QAudioDecoder timing race



  • I'm using a QAudioDecoder (inside a C++ object accessed from QML) to read WAV files. If I set the sourceFilename when the user selects the file, and then start the reading when the user clicks a separate button, it works fine but with one problem: it opens the file when the sourceFilename is set, and leaves it open forever, or until I change the filename. If I want to create a new version of the WAV file in some other program, it is unable to update the file.

    The "solution" is to set sourceFilename to a null string after reading the WAV file. That does indeed close the original file, but also means that I need to set sourceFilename just before calling start(). But if I do that, it doesn't work correctly because the file format is actually determined by another thread which hasn't run yet, so start() reuses the previous format set into the QAudioDecoder. When that other thread discovers the new format, and tries to set the audioFormat, the change is ignored because start() has already been called. If the old format is invalid, it emits an error.

    So I tried moving the call to start() into a handler for the formatChanged signal. The problem is that that only gets called if the format is actually changed. I tried setting a default-constructed (invalid) QAudioFormat when the read is finished, to ensure that formatChanged will be emitted when a new file is selected, but that seems to be ignored if there is no longer a valid file associated with the QAudioDecoder.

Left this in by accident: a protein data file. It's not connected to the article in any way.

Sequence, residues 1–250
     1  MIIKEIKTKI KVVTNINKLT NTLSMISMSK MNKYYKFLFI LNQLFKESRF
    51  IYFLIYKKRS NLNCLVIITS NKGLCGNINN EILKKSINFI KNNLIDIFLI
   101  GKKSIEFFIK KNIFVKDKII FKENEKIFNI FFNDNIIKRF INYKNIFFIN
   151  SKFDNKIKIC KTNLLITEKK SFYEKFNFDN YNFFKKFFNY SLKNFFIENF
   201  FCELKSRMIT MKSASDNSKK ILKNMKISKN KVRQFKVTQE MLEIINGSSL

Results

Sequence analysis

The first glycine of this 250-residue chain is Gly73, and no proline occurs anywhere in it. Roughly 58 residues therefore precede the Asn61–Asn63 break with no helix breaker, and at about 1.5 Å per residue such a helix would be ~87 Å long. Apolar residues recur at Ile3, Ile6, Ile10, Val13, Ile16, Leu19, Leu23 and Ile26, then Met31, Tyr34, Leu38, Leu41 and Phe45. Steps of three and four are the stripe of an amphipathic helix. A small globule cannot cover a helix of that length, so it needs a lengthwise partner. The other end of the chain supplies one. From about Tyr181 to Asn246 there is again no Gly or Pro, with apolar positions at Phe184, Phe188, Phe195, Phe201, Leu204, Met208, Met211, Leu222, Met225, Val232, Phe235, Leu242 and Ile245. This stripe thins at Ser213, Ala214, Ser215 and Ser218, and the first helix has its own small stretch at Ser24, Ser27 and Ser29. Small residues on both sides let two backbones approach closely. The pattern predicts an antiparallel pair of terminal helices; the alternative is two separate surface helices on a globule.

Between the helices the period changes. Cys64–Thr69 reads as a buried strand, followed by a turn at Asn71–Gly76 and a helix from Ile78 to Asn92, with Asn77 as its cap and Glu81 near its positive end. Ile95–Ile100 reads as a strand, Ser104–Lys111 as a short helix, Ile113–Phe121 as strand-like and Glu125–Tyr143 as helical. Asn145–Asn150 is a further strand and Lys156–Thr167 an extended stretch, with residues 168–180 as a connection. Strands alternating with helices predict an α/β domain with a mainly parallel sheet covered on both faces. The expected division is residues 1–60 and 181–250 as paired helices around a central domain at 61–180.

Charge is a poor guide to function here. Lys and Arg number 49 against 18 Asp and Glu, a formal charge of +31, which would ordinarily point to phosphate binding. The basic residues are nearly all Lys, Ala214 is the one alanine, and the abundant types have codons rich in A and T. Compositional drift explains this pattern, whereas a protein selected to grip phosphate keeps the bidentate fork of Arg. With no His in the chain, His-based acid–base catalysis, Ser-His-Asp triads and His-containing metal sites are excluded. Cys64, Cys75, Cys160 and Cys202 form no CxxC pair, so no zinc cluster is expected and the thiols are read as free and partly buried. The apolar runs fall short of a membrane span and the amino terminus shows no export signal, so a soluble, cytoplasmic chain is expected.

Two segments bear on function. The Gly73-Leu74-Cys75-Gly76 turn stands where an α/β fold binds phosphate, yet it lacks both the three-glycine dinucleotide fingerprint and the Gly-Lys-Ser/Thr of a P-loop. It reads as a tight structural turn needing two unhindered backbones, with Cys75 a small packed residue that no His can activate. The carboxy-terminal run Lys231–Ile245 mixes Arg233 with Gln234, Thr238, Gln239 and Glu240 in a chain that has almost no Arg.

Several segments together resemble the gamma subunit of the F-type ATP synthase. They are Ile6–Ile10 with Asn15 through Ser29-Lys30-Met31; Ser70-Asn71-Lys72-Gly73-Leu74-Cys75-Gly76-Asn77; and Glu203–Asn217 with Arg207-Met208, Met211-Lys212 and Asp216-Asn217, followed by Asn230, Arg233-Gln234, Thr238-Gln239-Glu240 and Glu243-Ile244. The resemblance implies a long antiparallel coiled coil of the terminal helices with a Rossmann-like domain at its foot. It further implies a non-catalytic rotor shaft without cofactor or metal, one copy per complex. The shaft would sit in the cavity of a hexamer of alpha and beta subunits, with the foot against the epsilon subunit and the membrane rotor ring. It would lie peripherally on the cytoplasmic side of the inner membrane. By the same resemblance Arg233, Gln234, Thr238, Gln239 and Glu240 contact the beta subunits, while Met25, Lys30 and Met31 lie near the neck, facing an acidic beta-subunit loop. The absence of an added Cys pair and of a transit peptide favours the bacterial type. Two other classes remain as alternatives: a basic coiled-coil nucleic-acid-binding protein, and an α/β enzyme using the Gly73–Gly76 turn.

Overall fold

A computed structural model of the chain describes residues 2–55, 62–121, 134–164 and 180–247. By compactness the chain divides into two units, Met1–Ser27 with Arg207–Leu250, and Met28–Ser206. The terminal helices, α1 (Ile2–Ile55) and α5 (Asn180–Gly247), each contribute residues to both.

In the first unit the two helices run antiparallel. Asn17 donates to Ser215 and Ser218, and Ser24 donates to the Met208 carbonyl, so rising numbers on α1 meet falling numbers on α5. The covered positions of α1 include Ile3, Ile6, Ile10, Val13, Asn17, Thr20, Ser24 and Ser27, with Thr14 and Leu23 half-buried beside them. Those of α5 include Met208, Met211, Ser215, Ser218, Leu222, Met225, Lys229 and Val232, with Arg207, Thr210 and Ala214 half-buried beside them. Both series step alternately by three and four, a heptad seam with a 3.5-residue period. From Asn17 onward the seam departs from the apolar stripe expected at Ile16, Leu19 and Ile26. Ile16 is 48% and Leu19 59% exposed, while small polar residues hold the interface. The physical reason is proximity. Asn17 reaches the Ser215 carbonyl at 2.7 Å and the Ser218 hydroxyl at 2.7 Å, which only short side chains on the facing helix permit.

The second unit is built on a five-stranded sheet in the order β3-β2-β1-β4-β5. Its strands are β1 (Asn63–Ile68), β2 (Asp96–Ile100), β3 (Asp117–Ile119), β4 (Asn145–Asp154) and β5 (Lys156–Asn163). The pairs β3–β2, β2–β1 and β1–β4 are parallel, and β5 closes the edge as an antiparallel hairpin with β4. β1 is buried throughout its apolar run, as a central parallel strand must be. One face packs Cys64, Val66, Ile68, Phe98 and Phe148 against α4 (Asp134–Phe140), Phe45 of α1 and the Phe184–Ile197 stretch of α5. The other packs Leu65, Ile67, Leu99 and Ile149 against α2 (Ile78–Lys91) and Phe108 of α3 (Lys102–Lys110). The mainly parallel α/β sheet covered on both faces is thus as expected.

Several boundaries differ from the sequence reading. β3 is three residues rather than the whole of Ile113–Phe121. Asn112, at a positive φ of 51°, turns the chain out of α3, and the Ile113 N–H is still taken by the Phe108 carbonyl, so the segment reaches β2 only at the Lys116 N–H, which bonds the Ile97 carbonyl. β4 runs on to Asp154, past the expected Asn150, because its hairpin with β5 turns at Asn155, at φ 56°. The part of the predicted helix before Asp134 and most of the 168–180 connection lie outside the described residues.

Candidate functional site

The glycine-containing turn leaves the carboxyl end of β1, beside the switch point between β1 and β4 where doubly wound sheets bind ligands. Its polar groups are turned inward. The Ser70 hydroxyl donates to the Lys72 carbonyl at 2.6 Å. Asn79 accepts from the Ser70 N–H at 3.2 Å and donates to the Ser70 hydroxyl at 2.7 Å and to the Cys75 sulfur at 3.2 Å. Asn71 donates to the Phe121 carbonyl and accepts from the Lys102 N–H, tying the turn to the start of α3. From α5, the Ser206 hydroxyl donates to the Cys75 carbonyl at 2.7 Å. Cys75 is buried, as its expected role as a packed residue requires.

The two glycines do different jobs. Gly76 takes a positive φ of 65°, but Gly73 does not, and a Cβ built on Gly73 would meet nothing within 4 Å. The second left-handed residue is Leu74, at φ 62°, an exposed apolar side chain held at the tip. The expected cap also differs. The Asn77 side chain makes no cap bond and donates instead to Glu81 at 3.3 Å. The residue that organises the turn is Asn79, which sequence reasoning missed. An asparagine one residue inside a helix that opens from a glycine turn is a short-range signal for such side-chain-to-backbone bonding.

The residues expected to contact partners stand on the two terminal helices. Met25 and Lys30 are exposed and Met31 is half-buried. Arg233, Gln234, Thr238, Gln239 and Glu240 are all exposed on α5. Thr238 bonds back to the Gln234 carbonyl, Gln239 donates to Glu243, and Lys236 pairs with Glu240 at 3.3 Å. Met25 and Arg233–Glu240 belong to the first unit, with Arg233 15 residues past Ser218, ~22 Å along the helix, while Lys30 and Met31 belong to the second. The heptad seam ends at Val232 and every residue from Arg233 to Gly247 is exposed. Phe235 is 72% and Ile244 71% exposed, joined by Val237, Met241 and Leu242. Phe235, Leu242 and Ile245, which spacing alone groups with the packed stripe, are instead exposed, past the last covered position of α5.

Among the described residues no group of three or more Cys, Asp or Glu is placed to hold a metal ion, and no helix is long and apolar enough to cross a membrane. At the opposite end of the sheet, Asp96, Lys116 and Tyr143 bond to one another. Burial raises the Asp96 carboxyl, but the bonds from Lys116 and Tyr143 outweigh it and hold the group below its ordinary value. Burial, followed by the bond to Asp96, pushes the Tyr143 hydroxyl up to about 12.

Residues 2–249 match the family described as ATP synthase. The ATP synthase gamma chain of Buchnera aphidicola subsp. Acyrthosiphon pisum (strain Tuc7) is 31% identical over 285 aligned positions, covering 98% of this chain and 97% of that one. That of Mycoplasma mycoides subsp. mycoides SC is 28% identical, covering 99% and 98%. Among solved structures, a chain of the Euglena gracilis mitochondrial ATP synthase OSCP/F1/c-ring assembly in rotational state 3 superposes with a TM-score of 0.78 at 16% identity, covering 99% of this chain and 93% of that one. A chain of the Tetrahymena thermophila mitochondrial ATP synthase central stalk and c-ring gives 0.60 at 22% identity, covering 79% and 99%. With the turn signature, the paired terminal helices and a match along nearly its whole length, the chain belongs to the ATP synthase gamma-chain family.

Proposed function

So what do I do? As I investigate this, I'm becoming aware of how complicated Qt's method of reading a WAV file is, since it's part of a much larger, more general system for parsing a stream of data from any asynchronous source. I'm thinking it might be better to just write my own local file reader, since uncompressed PCM WAV files are pretty simple.

    I've filed bug report 77741 on this.



  • @pderocco said in QAudioDecoder timing race:

    I'm thinking it might be better to just write my own local file reader, since uncompressed PCM WAV files are pretty simple.

    In your particular use case I agree.


Log in to reply